Open Accessibility Menu

Morris Heights Health Center is Lowering Blood Pressure One BP Kit at a Time

Morris Heights Health Center is Lowering Blood Pressure One BP Kit at a Time

BRONX, NEW YORK--Thirty-six percent of Bronx residents have been diagnosed with high blood pressure. According to the American Heart Association (AHA), high blood pressure (also referred to as HBP, or hypertension) refers to when your blood pressure, the force of blood flowing through your blood vessels, is consistently too high. As a result, high blood pressure puts patients at greater risk for developing life-changing and potentially life-threating conditions, such as heart attack, stroke, kidney disease or failure, vision loss, and sexual dysfunction.

In 2020, Morris Heights Health Center’s (MHHC) population health management data showed about 1 in 3, or 36% of the health center’s patients (18-85 years of age), who had an active diagnosis of hypertension had high blood pressure levels. Controlling the health center’s patients’ blood pressure has been a priority for MHHC’s Chief Medical Officer, Jeanine Lois Bookhardt, MD, who established a partnership with the American Heart Association. The AHA provided the health center with more than 170 blood pressure home kits for their patients. “We need to do more than just talk to patients about their blood pressure,” explained Dr. Bookhardt. “The home kits give patients one of the tools needed for them to self-manage their blood pressure.”

In addition to external partnerships, MHHC developed an interdisciplinary team that consists of a pharmacist, health educator, and quality director to help support the initiative. Dr. Roosevelt Matthews, a pharmacist at MHHC, was among the project team members and dubbed the hypertension champion, working with medical providers and patients on blood pressure education. More than 100 blood pressure home kits were distributed to MHHC patients with high blood pressure. Patients who received the blood pressure home kits showed an overall improvement within three months of the initial project. In the first quarter of 2021, when the initiative began, 33% of MHHC patients, (18-85 years of age) who had an active diagnosis of hypertension, had uncontrolled high blood pressure. Six months later, the initiative had lowered the percentage of people with uncontrolled blood pressure by 6 percentage points, from 33% to 27%.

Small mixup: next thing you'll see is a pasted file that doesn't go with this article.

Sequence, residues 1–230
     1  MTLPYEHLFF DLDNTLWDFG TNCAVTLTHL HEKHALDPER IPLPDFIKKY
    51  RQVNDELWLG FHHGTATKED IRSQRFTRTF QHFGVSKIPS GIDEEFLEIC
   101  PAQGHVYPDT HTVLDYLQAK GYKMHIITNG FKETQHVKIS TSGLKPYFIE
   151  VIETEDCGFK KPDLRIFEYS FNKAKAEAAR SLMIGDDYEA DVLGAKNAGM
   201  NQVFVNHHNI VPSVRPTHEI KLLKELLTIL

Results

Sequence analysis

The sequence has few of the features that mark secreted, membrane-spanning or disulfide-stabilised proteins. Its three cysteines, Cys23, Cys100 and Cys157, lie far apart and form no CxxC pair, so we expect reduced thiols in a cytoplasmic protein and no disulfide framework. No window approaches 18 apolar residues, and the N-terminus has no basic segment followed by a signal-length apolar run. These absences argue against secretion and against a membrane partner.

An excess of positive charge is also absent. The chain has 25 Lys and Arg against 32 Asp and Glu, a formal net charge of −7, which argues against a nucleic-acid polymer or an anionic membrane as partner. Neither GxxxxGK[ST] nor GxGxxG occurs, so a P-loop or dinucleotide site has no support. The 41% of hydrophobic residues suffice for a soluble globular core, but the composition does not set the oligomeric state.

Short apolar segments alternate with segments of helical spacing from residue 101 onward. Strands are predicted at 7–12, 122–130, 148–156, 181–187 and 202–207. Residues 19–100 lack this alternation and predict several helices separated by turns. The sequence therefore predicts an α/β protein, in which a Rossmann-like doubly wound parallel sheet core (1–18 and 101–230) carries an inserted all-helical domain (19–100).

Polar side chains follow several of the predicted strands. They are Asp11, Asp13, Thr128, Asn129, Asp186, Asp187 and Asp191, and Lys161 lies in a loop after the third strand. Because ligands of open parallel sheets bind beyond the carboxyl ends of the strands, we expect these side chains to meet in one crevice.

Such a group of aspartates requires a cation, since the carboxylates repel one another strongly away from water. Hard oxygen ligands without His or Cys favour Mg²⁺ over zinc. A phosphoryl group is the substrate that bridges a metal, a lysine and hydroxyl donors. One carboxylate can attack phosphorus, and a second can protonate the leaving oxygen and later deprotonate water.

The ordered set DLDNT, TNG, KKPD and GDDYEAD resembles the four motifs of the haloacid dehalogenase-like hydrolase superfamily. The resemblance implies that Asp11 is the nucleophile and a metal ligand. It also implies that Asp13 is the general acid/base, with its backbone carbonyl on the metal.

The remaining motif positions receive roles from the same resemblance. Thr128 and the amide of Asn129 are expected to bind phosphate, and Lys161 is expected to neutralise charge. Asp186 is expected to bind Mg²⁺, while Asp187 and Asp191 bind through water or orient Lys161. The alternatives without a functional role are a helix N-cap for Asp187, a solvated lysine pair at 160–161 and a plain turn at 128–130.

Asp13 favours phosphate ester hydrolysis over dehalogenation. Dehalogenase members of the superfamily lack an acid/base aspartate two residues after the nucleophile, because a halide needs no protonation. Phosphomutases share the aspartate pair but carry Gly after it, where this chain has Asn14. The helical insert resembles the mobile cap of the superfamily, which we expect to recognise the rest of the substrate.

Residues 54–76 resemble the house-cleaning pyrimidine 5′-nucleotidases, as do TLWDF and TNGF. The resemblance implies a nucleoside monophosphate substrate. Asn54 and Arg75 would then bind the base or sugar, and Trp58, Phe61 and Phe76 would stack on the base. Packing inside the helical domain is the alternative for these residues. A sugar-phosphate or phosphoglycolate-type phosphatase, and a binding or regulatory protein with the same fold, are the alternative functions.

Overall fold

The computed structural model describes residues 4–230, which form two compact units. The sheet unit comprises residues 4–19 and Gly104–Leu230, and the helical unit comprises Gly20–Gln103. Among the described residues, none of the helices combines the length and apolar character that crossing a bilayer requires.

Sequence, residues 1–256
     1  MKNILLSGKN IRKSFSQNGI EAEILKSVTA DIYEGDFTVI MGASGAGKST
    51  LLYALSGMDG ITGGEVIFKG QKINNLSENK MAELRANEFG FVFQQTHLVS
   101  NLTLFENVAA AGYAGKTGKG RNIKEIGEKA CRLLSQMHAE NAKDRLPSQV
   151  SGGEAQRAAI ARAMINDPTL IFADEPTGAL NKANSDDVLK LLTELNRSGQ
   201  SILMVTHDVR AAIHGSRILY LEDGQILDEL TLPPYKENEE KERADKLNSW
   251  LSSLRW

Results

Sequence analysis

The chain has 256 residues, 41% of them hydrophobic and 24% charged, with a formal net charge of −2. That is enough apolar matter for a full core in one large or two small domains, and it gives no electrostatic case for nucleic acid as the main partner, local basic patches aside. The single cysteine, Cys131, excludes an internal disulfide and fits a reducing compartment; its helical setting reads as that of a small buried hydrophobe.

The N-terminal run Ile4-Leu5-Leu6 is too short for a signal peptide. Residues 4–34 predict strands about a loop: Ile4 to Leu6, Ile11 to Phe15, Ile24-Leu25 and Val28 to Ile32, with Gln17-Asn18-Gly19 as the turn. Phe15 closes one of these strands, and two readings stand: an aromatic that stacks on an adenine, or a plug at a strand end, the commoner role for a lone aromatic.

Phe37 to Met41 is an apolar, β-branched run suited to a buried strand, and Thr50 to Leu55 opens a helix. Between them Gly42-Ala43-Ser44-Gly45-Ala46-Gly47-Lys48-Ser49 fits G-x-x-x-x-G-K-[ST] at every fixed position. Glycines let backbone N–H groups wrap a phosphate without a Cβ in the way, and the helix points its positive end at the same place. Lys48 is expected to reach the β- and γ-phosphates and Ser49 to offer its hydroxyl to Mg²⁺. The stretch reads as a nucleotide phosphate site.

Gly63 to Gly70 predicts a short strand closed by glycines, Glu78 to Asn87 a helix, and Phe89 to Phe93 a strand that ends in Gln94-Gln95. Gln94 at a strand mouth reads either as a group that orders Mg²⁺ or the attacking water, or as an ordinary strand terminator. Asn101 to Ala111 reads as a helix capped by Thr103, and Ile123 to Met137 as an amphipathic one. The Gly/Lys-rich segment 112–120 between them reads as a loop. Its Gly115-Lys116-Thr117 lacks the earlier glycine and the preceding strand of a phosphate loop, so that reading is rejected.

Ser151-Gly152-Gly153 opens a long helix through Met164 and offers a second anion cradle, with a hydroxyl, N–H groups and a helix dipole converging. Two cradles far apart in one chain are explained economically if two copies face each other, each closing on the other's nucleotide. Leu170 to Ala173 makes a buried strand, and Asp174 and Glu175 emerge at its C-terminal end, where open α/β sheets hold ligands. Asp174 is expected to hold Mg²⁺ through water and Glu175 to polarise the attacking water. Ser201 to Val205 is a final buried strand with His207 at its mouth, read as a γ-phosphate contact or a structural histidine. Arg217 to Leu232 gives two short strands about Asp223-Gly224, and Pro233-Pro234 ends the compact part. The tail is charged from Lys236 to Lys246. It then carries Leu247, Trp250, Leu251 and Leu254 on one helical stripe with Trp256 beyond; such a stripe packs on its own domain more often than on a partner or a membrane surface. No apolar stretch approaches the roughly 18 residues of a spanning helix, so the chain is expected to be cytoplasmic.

The success of the initiative was shared at the Bureau of Primary Health Care’s (BPHC’s) virtual Patient Centered Medical Home (PCMH) Health Equity Technical Assistance Symposium on January 31, 2022. Dr. Matthews and Luc Josaphat, Director of Quality, presented at the 2-day symposium. During the PCMH 2022 symposium, participating health centers were given the opportunity to share data-driven quality improvement projects that improved health outcomes and/or reduced health disparities.